Thank you, Mr. President, for convening this timely discussion. I also would like to thank the distinguish speakers for their participation today.
On this eleventh anniversary of the Canal Hotel bombing in Baghdad and as we mark the 20th anniversary of the adoption of the UN Convention on the Safety of UN and Associated Personnel, we honor fallen UN personnel and humanitarian workers. I commend the work of humanitarian workers around the world, including national and local staff, and reaffirm our shared view that attacks on UN peacekeepers and humanitarian workers are a flagrant violation of international law.
Humanitarian workers are the international community’s emergency lifeline to vulnerable and isolated communities. 108 million people are now in need of humanitarian assistance, and more people are displaced by violence worldwide than ever before. Humanitarian workers are critical to this Council’s ability to respond to deteriorating humanitarian situations caused by threats to peace and security.
In the last eleven years, violence against humanitarian workers has intensified, with casualties tripling since the 2003 attack in Baghdad. Last year alone, there were 251 incidents of major violence against aid workers in 30 different countries.
Against the backdrop of increasingly challenging conditions for humanitarians, I’d like to stress three priorities for the United States: ensuring safety and access for humanitarian workers; facilitating humanitarian assistance; and pursuing accountability.
We are extremely alarmed at the increasing frequency of attacks against humanitarian workers and the number of humanitarian workers killed in 2013, especially in Syria, where 109 aid workers have been killed, detained, kidnapped, or held hostage since the beginning of the civil war. Despite the dangerous conditions, Syrian Arab Red Crescent volunteers have continued to deliver much-needed aid to the people in Syria.
Mr. President, such attacks, in the words of the Deputy Secretary-General, represent a deficit of humanity. Not only do they rob the world of brave, committed individuals, but they also deny vulnerable populations critical life-saving humanitarian assistance during dire humanitarian situations. In the interest of ensuring the safety and security of aid workers, the United States reaffirms our commitment to the independence, humanity, neutrality, and impartiality of humanitarian operations.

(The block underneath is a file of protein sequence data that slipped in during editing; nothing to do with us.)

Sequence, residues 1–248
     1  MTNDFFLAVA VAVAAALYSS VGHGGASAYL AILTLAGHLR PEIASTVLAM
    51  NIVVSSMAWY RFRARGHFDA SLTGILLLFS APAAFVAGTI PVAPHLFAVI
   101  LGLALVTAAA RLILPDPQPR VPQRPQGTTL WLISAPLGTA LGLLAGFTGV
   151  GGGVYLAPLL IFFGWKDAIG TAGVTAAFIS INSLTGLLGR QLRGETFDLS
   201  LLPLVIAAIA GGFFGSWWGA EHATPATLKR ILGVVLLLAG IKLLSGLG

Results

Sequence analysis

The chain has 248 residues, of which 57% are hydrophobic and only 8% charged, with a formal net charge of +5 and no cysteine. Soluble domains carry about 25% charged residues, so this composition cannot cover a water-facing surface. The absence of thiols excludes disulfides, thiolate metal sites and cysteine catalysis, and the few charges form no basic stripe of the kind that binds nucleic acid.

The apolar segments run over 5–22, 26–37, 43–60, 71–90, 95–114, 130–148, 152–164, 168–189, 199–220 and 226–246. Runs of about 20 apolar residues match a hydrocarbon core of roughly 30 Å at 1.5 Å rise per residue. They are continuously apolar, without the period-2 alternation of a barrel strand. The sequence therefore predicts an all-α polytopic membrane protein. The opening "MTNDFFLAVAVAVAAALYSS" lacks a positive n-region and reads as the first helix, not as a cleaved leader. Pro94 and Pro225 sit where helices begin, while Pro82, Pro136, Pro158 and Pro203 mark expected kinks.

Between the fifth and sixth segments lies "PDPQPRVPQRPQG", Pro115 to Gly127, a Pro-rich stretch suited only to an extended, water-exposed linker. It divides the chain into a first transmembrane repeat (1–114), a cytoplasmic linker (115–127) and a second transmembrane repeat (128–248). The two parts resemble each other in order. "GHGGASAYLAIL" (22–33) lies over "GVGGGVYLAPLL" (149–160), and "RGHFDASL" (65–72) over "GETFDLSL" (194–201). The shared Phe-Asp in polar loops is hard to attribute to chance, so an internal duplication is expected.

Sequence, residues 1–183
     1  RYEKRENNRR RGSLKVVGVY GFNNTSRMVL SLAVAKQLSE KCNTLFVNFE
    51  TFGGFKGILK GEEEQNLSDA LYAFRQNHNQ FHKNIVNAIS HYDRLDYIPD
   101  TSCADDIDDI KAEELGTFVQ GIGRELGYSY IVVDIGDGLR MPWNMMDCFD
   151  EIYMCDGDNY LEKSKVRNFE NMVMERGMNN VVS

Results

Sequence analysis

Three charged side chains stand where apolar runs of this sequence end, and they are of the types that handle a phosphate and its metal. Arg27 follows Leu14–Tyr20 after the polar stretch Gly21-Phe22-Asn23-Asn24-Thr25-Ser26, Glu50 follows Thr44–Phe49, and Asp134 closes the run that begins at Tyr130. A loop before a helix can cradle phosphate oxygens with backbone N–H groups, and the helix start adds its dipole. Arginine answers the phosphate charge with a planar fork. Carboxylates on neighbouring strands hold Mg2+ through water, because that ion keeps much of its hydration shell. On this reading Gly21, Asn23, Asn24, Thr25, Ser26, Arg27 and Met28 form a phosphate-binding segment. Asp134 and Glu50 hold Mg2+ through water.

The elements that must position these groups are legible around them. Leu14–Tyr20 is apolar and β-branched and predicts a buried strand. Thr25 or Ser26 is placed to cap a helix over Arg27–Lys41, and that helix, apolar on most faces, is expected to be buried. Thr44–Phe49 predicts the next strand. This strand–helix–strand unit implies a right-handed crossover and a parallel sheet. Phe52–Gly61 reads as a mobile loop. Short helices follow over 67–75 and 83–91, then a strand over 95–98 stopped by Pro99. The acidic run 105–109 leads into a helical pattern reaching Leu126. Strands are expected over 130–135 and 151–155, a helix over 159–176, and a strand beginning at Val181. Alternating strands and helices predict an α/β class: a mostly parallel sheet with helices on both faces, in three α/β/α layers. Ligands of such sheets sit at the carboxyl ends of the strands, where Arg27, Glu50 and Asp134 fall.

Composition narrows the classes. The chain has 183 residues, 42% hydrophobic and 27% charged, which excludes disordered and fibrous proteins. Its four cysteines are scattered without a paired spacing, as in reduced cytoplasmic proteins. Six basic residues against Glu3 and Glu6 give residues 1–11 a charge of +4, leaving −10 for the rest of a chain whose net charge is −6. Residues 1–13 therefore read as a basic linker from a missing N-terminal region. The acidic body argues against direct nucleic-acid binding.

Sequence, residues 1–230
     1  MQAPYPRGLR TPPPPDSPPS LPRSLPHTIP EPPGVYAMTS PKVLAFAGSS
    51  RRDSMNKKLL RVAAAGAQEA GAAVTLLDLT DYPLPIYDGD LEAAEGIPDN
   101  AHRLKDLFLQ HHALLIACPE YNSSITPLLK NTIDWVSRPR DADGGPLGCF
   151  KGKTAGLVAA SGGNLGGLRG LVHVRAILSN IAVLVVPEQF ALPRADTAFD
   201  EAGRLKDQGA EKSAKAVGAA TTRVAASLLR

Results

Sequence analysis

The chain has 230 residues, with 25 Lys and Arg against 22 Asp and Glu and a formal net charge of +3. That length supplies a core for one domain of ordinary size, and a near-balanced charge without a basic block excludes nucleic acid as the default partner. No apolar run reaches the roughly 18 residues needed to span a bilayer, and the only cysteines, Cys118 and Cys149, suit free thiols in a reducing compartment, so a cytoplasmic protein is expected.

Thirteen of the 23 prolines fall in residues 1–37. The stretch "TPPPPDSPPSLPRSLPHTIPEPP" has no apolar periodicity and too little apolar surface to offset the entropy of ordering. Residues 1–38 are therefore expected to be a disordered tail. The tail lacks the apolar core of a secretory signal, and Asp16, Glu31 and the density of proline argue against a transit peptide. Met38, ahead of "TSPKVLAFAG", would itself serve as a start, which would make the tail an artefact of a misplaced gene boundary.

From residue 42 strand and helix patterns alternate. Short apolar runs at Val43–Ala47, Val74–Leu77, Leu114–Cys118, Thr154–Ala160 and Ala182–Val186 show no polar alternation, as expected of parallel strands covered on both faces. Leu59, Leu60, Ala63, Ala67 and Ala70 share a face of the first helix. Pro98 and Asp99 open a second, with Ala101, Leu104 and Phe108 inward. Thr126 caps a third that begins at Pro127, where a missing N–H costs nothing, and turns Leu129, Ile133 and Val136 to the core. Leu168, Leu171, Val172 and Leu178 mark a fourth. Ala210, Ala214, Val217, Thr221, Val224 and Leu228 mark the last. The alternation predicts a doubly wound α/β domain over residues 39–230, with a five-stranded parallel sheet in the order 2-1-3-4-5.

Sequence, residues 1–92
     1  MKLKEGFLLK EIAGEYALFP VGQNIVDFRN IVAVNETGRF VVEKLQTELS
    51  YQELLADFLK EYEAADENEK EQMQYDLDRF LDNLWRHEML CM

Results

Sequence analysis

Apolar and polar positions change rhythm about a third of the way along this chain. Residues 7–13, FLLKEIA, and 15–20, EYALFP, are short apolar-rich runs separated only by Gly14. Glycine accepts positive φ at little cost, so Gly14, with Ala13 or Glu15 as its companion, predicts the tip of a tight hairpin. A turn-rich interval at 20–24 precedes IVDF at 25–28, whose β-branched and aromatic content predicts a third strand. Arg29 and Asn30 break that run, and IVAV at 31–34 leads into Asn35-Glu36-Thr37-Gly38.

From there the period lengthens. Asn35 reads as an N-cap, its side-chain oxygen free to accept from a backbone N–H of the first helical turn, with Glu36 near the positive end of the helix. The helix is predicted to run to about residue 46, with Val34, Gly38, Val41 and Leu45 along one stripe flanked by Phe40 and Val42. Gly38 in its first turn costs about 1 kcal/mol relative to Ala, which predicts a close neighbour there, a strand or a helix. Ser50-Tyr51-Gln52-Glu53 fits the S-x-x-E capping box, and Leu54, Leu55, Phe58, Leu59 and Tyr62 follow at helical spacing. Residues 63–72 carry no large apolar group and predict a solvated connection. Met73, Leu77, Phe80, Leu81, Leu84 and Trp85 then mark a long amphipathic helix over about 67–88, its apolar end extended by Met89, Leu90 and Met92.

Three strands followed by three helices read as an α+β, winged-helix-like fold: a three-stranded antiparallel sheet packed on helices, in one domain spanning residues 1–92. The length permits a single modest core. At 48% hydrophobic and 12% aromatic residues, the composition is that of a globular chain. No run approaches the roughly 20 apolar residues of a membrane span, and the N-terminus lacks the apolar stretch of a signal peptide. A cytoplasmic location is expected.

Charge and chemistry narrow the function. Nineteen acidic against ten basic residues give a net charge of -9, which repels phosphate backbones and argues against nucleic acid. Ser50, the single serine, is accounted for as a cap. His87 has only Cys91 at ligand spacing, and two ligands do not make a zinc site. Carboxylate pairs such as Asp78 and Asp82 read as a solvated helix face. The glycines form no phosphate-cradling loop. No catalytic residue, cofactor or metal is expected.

Humanitarian workers today face a growing threat from non-state actors. Last November, insurgents ambushed and killed five Afghans working on a literacy project managed by a French charity. Just yesterday, this Council released a press statement regarding two UN peacekeepers killed in an attack in northern Mali over the weekend. And earlier this month, a militia targeted and killed at least five South Sudanese aid workers. We stress that the primary responsibility under international law for the security and protection of UN personnel and humanitarian workers lies with the governments hosting UN operations.
This leads me to the question of access. The United States is deeply disturbed by the rising number of humanitarian crises to which the international humanitarian community has little access because staff safety and security cannot be guaranteed. The lack of access in places like Syria, Iraq, Central African Republic, Sudan, South Sudan, and Somalia, among others, has prevented millions of vulnerable citizens from receiving much-needed food, water, shelter, and medicine. We call on all parties, states and non-states actors alike, to facilitate full, immediate, safe, and unhindered humanitarian access.
UN peacekeeping missions can play an essential role in creating secure conditions for humanitarian operations, if they are mandated to do so. We welcome the collaboration, coordination, and cooperation between DPKO, OCHA, and UN humanitarian country teams, especially where mandates include creating the necessary conditions for facilitating the delivery of humanitarian assistance, as is the case with UNMISS.
Finally, impunity for violence against humanitarian workers must end. There has been little to no accountability for humanitarian workers killed in the line of duty. The United States supports efforts to strengthen accountability and to bring to justice the perpetrators of crimes against humanitarian workers. We encourage the Council to employ Commissions of Inquiry, fact-finding missions, and sanctions, as well as to support national authorities in their investigations and prosecutions. At the same time, we encourage the Council to develop creative solutions for dealing with the threat posed by non-state actors to the dedicated humanitarian workers we honor today. It is time for the Council to take action.
Thank you, Mr. President.
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